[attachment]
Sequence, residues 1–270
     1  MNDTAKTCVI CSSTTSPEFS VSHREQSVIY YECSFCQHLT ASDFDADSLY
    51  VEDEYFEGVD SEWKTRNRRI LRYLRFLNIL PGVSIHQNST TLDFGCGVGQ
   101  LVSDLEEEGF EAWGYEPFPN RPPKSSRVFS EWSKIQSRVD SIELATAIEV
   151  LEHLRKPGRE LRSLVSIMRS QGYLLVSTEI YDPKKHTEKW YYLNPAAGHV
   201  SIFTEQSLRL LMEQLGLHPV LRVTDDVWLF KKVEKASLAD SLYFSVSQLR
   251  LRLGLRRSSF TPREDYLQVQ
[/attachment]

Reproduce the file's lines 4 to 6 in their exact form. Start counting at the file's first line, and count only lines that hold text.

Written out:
   101  LVSDLEEEGF EAWGYEPFPN RPPKSSRVFS EWSKIQSRVD SIELATAIEV
   151  LEHLRKPGRE LRSLVSIMRS QGYLLVSTEI YDPKKHTEKW YYLNPAAGHV
   201  SIFTEQSLRL LMEQLGLHPV LRVTDDVWLF KKVEKASLAD SLYFSVSQLR